12. Zdeblick TA, Abitbol JJ, Kunz DN, et al. Cervical stability after sequential capsule resection. Spine. 1993;18:2005–2008.
13. Lubelski D, Healy AT, Silverstein MP, et al. Reoperation rates after anterior cervical discectomy and fusion versus posterior cervical foraminotomy: a propensity-matched analysis. Spine J. 2015;15: 1277–1283.
14. Caridi JM, Pumberger M, Hughes AP. Cervical radiculopathy: a review. HSS J. 2011;7:265–272.
15. Papavero L, Kothe R. Minimally invasive posterior cervical foraminotomy for treatment of radiculopathy : An effective, time-tested, and cost-efficient motion-preservation technique. Oper Orthop Traumatol. 2018 Feb;30(1):36-45. doi: 10.1007/s00064-017-0516-6.
16. Luo W, Li Y, Zhao J, Zou Y, Gu R, Li H. Skip Laminectomy Compared with Laminoplasty for Cervical Compressive Myelopathy: A Systematic Review and Meta-Analysis. World Neurosurg. 2018 Sep 8. pii: S1878-8750(18)32040-0. doi: 10.1016/j.wneu.2018.08.231.
17. Hidai Y, Ebara S, Kamimura M, et al. Treatment of cervical myelopathy with a new dorsolateral decompressive procedure. J Neurosurg 1999;90:178–85.
18. Ishihara A. Roentgenological investigation on the cervical lordosis of normal subjects. J Jpn Orthop Assoc 1968;42:1033–44.
19. Itoh T, Tsuji H. Technical improvements and results of laminoplasty for compressive myelopathy in the cervical spine. Spine 1985;10:729–46.
20. O’Brien MF, Peterson D, Casey AT. A novel technique for lamino- plasty augmentation of spinal canal area using titanium miniplate sta- bilization: a computerized morphometric analysis. Spine 1996;21: 474–84.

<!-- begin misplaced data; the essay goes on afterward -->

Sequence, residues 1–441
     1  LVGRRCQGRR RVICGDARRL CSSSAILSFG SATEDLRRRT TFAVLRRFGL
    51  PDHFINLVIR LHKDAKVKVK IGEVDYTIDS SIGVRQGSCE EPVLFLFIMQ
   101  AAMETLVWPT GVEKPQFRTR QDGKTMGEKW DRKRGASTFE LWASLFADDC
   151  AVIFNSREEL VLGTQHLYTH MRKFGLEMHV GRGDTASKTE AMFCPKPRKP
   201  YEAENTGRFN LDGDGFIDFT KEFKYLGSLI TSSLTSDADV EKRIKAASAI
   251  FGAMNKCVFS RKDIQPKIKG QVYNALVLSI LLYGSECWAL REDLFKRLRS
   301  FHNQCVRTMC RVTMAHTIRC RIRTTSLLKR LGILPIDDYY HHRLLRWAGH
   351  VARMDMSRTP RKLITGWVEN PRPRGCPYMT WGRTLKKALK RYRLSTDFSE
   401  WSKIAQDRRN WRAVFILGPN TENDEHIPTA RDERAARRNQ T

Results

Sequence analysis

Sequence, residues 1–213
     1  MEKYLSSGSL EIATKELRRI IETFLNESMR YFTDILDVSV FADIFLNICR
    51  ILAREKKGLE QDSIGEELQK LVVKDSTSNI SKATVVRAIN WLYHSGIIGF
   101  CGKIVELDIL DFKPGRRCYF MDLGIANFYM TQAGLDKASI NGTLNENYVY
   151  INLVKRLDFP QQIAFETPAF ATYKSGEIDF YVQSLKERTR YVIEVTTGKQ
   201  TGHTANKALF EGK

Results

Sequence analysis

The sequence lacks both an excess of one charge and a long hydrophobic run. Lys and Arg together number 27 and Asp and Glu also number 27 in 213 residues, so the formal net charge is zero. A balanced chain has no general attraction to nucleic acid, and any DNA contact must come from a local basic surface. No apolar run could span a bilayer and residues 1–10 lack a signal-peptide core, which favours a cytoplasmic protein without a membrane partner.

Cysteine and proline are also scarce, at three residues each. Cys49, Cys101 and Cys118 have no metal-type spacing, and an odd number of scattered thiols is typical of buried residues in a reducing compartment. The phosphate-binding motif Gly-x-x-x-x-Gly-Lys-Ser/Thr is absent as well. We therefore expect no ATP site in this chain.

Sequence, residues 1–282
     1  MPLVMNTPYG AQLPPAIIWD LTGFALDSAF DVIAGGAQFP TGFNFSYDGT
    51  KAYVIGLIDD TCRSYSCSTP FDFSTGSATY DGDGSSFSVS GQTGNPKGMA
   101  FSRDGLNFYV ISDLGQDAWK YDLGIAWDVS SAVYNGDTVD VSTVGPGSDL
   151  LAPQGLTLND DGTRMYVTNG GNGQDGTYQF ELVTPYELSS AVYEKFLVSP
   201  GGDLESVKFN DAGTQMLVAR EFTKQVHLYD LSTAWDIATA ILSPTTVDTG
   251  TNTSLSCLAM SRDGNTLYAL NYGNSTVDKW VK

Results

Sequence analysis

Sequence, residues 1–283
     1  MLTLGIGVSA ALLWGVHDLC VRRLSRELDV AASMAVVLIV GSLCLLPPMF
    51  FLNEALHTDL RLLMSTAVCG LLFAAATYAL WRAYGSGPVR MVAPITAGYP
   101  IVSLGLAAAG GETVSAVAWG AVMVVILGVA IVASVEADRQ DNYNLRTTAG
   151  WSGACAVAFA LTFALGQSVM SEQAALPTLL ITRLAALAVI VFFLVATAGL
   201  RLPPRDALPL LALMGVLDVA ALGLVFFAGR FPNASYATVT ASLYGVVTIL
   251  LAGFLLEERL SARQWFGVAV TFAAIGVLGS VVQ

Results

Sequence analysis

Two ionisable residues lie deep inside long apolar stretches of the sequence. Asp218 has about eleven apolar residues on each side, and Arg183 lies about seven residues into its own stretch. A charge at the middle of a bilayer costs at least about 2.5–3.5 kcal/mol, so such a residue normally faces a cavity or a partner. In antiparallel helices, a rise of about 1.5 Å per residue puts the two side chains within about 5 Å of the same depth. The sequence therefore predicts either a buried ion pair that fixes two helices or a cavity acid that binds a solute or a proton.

21. Yoshida M, Otani K, Shibasaki K, Ueda S. Expansive laminoplasty with reattachment of spinous process and extensor musculature for cervical myelopathy. Spine 1992;17:491–7.
22. Shiraishi T. Skip laminectomy—a new treatment for cervical spondylotic myelopathy, preserving bilateral muscular attachments to the spinous pro- cesses: a preliminary report. Spine J. 2002;2:108 –115.
23. Shiraishi T, Fukuda K, Yato Y, Nakamura M, Ikegami T. Results of skip laminectomy- minimum 2-year follow-up study compared with open-door laminoplasty. Spine (Phila Pa 1976). 2003;28:2667-2672.
24. Shiraishi T. A new technique for exposure of the cervical spine laminae: technical note. J Neurosurg. 2002;96(Spine 1):122–126.
25. Pickett GE, Mtsis DK, Sekhon LH, Sears WR, Duggal N. Effects of cervical disc prosthesis on segmental and cervical spine alignment. Neurosurg Focus 2004; 17: 30 – 35
26. Wigfield C, Gill S, Nelson R, et al. Influence of an artificial cervical joint compared with fusion on adjacent level motion in the treatment of degenerative cervical disc disease. J Neurosurg Spine 2002; 96: 17 – 21.
27. Eck JC, Humphreys SC, Lim TH, et al. Biomecahnical study on the effect of cervical spine fusion on adjacent-level intra-discal pressure and segmental motion. Spine 2002; 27 : 2431 – 4.
28. Matsunaga S, Kabayama S, Yamamoto T, et al. Strain on inter-vertebral discs after anterior cervical decompression and fusion. Spine 1999; 24: 670 – 5
29. Kotani Y, Cunningham BW, Abumi K, et al. Multidirectional flexibility analysis of cervical artificial disc reconstruction: in vitro human cadaveric spine model. J Neurosurg Spine 2005; 2: 188 – 194.
30. Phillips FM, Garfin SR. Cervical disc replacement. Spine 2005; 30: 527 – 533.